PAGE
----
Having made a decision on a preferred ball flight, you can use your shot shape to take trouble out of play. This hole is not an ideal fit for someone who fades the ball, but with a consistent fade you’re moving the ball away from trouble. There’s also something sneaky that happens here. While you’re getting the yardage, checking the wind, picking a club, visualizing the shot and lining yourself up, your mind is busy and hopefully distracted from potentially negative thoughts. Do these things guarantee you’ll hit a good shot? Of course not. These are useful tools to give yourself the best opportunity to hit a good shot, which is all any of us could ask.

In the moment of truth, the best advice I can give you is to let go a little bit, trust the fact you’ve prepared to hit the shot and, most importantly, learn from the outcome. Maybe you hit a great one. Celebrate a little. I’m not saying spray down your playing partners with champagne, but you’ve worked hard, remember the shot and why it was successful. Maybe you didn’t hit a great one. That’s no biggie. See if you can figure out what went wrong and move on to the next shot.

In my playing career, with very little exception, I played the ball exclusively right to left, a draw. This structure drove all of my decision making on the golf course in both planning and execution. The fewer decisions you have to make on the golf course, especially when the heat is turned up, the more energy you’ll have to execute your shot to the best of your abilities.

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Rob earned a business degree from the University of Washington. He turned professional in June of 1999 and played most mini tours, as well as the Australian Tour, Canadian Tour, Asian Tour, European Tour and the PGA Tour. He writes for GolfWRX to share what he's learned and continues to learn about a game that's given him so much. www.robrashell.com Google Plus Director of Instruction at TOURAcademy TPC Scottsdale www.touracademy.com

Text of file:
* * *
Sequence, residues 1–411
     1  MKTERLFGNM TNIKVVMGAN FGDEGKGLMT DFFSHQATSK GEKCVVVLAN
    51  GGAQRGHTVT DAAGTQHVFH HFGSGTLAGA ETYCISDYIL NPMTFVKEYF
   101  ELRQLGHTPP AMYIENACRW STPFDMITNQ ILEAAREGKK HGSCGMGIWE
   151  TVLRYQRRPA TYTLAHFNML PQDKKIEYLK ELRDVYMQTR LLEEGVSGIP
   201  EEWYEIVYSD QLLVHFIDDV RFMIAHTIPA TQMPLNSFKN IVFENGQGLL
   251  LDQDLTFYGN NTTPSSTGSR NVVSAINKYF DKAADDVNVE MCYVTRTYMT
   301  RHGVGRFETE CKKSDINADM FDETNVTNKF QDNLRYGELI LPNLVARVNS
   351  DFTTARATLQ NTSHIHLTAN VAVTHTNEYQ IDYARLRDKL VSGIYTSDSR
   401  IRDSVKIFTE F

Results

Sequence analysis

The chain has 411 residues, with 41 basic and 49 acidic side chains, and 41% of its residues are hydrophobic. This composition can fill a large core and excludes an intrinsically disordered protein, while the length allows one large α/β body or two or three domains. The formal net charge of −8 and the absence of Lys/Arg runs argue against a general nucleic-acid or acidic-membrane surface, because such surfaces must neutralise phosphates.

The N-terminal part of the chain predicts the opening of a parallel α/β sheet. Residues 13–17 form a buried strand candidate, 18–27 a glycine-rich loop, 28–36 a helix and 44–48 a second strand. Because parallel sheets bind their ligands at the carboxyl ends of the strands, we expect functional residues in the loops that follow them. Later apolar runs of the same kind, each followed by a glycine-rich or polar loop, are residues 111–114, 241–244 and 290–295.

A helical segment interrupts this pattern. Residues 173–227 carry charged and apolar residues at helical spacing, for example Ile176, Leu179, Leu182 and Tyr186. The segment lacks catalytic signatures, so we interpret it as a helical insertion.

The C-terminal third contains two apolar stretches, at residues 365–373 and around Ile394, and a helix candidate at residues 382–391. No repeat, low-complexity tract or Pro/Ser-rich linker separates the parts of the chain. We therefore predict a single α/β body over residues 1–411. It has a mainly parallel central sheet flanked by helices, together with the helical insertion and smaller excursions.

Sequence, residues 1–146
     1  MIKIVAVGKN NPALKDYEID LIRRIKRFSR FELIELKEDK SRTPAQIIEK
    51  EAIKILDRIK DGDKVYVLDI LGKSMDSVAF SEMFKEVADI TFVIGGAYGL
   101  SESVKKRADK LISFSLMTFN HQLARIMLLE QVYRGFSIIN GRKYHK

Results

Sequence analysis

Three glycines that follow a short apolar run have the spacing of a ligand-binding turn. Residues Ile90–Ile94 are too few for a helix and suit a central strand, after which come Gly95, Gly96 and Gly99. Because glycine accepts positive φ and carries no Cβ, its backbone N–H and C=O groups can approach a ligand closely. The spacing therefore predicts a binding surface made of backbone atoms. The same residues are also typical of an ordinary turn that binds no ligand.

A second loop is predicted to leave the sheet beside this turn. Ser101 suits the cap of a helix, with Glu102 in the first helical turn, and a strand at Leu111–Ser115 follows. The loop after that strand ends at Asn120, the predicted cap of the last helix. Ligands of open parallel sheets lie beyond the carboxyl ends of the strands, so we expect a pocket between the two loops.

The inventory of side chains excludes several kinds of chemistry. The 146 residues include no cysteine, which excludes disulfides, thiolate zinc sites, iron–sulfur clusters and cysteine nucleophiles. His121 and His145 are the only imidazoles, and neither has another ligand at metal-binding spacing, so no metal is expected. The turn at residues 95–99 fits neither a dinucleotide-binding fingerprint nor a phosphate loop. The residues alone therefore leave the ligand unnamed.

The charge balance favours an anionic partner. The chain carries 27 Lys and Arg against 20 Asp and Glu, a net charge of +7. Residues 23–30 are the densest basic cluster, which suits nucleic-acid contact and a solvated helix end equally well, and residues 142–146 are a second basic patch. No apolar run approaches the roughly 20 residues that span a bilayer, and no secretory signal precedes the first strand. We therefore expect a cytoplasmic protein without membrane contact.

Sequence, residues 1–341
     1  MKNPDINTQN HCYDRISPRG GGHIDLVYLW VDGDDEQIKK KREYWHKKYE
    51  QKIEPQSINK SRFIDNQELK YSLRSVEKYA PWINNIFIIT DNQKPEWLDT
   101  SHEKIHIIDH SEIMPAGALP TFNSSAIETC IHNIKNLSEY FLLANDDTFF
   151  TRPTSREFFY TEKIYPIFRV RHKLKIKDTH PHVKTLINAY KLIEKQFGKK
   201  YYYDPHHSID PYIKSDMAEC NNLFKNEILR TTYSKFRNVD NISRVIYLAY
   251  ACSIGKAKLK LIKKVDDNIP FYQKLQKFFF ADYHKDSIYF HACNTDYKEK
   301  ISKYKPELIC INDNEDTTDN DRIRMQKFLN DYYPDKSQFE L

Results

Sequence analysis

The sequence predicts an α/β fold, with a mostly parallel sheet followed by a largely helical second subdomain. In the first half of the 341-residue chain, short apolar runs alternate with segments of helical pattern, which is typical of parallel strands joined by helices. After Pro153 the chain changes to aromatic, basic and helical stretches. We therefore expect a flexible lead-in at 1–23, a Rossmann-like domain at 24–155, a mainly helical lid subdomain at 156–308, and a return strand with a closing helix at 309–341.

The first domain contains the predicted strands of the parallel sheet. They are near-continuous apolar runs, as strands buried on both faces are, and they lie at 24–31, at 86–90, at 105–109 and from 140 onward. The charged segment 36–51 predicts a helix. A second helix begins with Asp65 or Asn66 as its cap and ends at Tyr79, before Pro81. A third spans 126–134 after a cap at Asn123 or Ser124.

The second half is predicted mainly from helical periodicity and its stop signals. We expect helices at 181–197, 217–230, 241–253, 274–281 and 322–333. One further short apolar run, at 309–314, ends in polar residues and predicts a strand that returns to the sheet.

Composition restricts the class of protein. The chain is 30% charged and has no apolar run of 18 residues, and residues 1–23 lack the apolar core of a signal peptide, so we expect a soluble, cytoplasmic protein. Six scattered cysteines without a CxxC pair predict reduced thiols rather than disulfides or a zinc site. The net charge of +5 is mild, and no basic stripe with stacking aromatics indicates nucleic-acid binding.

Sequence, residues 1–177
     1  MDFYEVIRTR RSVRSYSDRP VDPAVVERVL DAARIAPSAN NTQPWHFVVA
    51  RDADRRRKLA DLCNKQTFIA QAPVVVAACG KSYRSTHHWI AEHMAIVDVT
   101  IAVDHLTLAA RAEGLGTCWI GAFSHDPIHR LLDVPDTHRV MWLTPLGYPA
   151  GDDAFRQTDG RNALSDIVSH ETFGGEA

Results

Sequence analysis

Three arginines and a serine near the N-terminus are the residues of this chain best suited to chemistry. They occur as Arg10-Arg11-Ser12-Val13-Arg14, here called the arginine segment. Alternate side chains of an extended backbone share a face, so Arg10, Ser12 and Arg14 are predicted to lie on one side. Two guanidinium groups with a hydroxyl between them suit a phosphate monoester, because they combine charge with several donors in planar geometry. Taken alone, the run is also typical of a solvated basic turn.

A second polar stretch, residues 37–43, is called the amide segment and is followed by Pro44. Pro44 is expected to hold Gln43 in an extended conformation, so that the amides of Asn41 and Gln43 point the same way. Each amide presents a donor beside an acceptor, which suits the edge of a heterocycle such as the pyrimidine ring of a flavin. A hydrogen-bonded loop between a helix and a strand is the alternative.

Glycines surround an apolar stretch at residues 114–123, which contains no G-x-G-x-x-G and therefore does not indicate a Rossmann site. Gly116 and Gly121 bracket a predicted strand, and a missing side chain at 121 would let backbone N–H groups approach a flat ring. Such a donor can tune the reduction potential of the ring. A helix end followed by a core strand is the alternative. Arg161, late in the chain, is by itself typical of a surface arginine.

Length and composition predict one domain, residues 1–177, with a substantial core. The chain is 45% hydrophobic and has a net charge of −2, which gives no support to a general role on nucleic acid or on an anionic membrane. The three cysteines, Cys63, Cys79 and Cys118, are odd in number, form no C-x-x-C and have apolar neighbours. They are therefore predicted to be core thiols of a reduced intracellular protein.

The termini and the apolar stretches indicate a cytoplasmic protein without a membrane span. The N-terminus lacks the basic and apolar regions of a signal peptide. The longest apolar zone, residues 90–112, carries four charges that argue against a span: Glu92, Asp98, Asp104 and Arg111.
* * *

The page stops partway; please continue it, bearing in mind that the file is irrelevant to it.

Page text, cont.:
39 Comments

39 Comments

  1. MAC

    Jun 8, 2016 at 7:48 pm

    IS THAT MEDINA?

  2. Matt Brighton

    Aug 12, 2014 at 2:44 pm

    I’ve recently had a bout with the shanks. I think I’ve just about gotten rid of them. Now a fade is probably more of my “natural” shot, but since I’ve always had a tendency to shank it (lately more so than not) I’d like to think that by going with a draw would help me eliminate that (since the club face would be more closed).

    Then again, this is going against what my natural shot is. I’m kind of at a loss as to which direction to go (so to speak). Thoughts?

    • Tim C

      Feb 11, 2016 at 1:53 pm

      Actually trying to play a draw may hurt you in trying to eliminate the shanks. A closed club face actually exposes the hosel, not an open club face. The vast majority of the time it is an out to in club path with a closed face that causes shanking

  3. Roger

    Apr 21, 2014 at 2:32 pm

    Rob, i re read this article again over Easter.
    I had written a Key Goal this winter is to have a Hi Fade available
    on demand with a 3 and 5 wood for approach shots.
    And drop and stop on the 5 wood a big help.
    Just rebuilt an old TM R7 with a P L Blue and its fadeable
    and i dropped 3 balls in a close Triangle yesterday!!
    Just watched Josephs video on Gear Effect! Thanks!
    Now to re shaft my 4 and 3 woods ! Thanks!

    • Rob Rashell

      Apr 22, 2014 at 3:12 pm